'Cute' doesn't have a price adjustment. :)
    3. Call me crazy :)
      I have every size BJD and my most expensive doll is a Limited Release Lati Yellow (Tiny)
    4. Whoa, I never looked at it that way, but that makes perfect sense surreality o.o;;; like, it swipes away my logic!

      and Jemjoop, regardless of me now getting why tinies are expensive, I still think you're indeed crazy xDDD even though I understand it's equal effort, I still think bigger is better xD
    5. It depends on a lot of factors. Amount of parts, where it's produced etc. China has cheaper way of producing, so their larger dolls are cheaper as well.
      Dolls from Fairyland have an insane amount of parts, which all need processing, so that's what boosts up their price.
    6. I only have one tiny, a Pipos Star Cheshire, and I'd have to say I'm amazed with him. He stands better than my larger dolls, though I'll admit I still prefer my 65 cms ;) He was about half the price, maybe a bit less. That's not too bad, considering I bought one SD head for the same price as Cheshire cost me ($300). It just goes by what you're comparing the cost to.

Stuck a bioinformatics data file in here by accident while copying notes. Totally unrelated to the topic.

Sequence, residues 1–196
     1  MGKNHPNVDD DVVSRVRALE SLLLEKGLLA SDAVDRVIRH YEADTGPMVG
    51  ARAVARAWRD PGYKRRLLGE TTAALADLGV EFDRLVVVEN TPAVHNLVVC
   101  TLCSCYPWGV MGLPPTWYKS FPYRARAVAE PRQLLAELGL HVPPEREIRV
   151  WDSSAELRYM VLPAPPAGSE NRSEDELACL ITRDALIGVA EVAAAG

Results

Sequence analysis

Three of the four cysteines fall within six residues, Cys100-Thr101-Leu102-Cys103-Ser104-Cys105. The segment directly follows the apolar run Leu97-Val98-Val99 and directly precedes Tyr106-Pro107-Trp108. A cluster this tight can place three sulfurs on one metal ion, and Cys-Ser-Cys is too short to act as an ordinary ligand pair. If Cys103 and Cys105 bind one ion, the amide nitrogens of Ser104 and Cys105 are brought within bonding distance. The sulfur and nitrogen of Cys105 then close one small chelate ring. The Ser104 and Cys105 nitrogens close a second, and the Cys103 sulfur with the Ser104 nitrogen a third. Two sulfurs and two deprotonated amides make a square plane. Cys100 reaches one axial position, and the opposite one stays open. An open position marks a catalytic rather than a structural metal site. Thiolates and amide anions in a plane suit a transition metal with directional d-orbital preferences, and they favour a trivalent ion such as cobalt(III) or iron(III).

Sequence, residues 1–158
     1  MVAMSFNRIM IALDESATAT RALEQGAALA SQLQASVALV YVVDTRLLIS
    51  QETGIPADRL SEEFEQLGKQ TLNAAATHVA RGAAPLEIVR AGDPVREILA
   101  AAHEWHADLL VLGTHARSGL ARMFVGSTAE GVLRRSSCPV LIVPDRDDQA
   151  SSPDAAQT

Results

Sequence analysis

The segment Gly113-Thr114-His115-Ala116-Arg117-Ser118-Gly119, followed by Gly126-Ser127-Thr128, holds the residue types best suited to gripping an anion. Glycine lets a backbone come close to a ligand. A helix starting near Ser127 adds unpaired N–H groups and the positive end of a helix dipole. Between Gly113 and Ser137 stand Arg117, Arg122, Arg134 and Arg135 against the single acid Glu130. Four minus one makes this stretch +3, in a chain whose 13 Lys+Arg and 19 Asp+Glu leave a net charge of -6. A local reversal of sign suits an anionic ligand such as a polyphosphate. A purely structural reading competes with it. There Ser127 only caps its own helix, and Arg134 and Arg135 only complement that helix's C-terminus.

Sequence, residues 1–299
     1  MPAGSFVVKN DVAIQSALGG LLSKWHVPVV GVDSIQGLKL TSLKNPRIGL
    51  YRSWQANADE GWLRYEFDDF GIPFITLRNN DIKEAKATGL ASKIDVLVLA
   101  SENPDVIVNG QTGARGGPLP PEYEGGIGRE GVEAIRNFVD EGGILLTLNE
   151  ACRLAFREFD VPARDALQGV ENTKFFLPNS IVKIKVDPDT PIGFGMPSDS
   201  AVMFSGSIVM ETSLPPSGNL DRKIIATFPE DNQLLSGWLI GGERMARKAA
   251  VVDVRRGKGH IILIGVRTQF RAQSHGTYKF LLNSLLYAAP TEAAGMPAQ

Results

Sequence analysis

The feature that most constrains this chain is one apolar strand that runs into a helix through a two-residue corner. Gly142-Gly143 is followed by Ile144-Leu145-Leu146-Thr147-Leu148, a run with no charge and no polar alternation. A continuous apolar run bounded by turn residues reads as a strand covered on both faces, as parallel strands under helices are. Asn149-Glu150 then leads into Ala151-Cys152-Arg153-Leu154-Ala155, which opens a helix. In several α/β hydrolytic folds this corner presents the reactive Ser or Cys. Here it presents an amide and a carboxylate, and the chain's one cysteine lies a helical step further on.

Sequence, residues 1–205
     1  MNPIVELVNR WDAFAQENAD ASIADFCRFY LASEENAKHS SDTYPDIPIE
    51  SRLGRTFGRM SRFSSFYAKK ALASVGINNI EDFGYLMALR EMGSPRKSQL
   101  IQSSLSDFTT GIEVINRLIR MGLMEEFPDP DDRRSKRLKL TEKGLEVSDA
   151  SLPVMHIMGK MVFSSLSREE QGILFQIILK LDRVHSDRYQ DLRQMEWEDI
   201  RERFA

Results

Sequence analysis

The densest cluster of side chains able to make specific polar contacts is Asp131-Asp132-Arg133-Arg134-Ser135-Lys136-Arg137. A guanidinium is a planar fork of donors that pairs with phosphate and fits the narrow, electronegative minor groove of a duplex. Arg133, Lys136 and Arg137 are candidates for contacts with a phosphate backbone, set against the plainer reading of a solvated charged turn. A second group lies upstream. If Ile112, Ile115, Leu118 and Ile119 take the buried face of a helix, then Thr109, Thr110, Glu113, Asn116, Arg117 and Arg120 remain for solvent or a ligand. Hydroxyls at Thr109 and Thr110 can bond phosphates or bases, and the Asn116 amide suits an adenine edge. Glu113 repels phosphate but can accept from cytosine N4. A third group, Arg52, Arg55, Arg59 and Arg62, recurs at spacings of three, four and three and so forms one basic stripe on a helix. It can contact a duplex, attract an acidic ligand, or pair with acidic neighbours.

You are paying more per ounce of resin for a tiny, which is why I plan on having just one. I wanted him because I'm a huge fan of Tim Burton's Alice in Wonderland ^^ Some people might prefer the smaller size, or find it's easier to afford a $100-300 tiny than a $400-700 SD. But the key is that less resin does not mean less expensive, that's for sure :)